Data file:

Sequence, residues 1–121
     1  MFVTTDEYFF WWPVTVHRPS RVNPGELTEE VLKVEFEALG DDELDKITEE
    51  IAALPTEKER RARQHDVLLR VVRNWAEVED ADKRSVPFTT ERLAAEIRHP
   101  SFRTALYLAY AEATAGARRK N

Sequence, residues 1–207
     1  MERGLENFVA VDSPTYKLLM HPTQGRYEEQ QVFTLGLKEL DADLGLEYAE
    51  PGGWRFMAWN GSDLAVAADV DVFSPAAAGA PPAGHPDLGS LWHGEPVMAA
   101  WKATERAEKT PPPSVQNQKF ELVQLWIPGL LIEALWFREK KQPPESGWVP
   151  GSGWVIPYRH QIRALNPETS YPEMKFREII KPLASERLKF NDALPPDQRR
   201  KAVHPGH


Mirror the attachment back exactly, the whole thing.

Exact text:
Sequence, residues 1–121
     1  MFVTTDEYFF WWPVTVHRPS RVNPGELTEE VLKVEFEALG DDELDKITEE
    51  IAALPTEKER RARQHDVLLR VVRNWAEVED ADKRSVPFTT ERLAAEIRHP
   101  SFRTALYLAY AEATAGARRK N

Sequence, residues 1–207
     1  MERGLENFVA VDSPTYKLLM HPTQGRYEEQ QVFTLGLKEL DADLGLEYAE
    51  PGGWRFMAWN GSDLAVAADV DVFSPAAAGA PPAGHPDLGS LWHGEPVMAA
   101  WKATERAEKT PPPSVQNQKF ELVQLWIPGL LIEALWFREK KQPPESGWVP
   151  GSGWVIPYRH QIRALNPETS YPEMKFREII KPLASERLKF NDALPPDQRR
   201  KAVHPGH